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Climate tech firm Levidian expands to United Arab Emirates

Levidian United Arab Emirates
Levidian CEO, John Hartley

Cambridge-based climate tech company Levidian is expanding to the United Arab Emirates with a new base of operations in Abu Dhabi.

Expansion to the Middle East comes after Levidian signed a £700m deal to remove half a million tonnes of carbon dioxide equivalent (CO2e) in the United Arab Emirates last year.

Levidian CEO, John Hartley, said: “The energy sector alone is responsible for nearly 40% of the total methane emissions attributable to human activity.

“The opportunities for us in the Middle East, and specifically in the United Arab Emirates, mean the region is central to our growth strategy.”

Levidian’s LOOP devices deconstruct methane into hydrogen and carbon. The carbon can then be used to produce graphene, which has been described as a “wonder material” due to its high conductivity and for being the thinnest yet strongest material on Earth.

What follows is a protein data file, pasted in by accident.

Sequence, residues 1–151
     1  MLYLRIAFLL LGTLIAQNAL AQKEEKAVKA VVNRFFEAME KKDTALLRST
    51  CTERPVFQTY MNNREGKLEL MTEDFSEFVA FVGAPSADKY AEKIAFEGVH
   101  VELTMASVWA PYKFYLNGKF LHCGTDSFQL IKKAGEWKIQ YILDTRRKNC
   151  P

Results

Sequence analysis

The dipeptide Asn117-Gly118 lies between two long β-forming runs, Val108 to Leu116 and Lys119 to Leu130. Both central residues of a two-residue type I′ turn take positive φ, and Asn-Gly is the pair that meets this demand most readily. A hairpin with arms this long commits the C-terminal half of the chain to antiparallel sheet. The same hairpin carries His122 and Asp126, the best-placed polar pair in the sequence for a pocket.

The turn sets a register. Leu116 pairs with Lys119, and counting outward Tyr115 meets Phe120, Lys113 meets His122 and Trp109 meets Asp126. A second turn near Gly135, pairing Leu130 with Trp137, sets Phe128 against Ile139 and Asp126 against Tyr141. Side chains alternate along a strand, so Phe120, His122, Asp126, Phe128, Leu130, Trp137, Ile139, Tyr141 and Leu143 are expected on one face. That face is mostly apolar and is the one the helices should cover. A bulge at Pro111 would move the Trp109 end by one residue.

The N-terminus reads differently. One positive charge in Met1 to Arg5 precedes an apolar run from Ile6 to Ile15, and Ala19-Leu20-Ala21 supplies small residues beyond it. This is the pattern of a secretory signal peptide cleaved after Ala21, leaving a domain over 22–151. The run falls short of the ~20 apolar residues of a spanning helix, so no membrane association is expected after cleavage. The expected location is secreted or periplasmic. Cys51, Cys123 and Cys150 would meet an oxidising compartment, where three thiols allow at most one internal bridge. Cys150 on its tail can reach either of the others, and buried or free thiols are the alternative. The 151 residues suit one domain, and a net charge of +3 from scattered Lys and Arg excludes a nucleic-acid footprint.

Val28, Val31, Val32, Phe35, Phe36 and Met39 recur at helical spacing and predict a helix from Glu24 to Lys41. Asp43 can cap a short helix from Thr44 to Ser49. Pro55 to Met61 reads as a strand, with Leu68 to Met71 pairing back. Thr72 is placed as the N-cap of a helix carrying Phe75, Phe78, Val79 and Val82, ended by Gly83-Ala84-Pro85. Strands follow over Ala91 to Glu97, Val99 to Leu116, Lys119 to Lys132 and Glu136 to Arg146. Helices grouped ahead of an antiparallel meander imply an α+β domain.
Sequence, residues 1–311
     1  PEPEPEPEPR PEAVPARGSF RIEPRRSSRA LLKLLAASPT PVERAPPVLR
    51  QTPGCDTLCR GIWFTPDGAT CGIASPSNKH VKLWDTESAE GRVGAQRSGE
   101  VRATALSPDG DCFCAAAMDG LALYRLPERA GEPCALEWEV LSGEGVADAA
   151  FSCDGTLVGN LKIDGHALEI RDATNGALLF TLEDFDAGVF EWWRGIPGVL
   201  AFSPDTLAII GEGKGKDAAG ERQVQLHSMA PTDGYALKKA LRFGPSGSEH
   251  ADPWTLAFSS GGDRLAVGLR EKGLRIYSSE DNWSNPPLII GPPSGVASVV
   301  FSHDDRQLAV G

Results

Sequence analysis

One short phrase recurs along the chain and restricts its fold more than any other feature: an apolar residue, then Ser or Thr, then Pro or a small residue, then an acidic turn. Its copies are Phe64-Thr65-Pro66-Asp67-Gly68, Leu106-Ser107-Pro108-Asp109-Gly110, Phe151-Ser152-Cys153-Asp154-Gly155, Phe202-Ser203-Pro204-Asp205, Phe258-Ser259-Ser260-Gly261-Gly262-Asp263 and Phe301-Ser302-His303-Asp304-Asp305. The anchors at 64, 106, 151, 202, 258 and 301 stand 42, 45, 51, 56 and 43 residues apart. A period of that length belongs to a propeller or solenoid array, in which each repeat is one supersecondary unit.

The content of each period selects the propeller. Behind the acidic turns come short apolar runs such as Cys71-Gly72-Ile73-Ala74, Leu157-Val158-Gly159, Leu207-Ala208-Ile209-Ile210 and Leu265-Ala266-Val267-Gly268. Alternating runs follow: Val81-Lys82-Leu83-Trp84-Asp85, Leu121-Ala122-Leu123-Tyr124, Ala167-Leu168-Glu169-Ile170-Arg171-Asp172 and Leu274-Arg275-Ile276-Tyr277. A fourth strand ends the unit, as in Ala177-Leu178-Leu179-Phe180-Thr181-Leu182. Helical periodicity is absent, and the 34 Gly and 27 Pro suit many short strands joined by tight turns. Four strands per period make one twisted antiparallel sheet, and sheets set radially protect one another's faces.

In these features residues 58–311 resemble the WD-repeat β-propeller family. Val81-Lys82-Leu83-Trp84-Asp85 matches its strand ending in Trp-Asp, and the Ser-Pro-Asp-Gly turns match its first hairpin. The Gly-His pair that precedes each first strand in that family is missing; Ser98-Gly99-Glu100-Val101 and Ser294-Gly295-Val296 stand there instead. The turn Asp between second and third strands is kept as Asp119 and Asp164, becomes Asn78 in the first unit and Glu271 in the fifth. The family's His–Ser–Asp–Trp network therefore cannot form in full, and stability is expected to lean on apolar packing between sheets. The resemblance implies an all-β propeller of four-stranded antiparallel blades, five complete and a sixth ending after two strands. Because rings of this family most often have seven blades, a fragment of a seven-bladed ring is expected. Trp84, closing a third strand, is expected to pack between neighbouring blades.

Devices from Levidian are already in operation in Manchester, Luxembourg and the south of Scotland.

Rob Bricker, director for business and trade United Arab Emirates, government said: “We are delighted that the United Arab Emirates is the destination for Levidian’s expansion, bringing their world-leading tech to the region and helping to unlock the potential of graphene – a British discovery – in the United Arab Emirates.”

Graphene was discovered in 2004 by professors Andre Geim and Prof Kostya Novoselov at The University of Manchester.

Levidian will be installing a demonstration of one of its LOOPs before COP28 at one of Abu Dhabi National Oil Company’s gas facilities.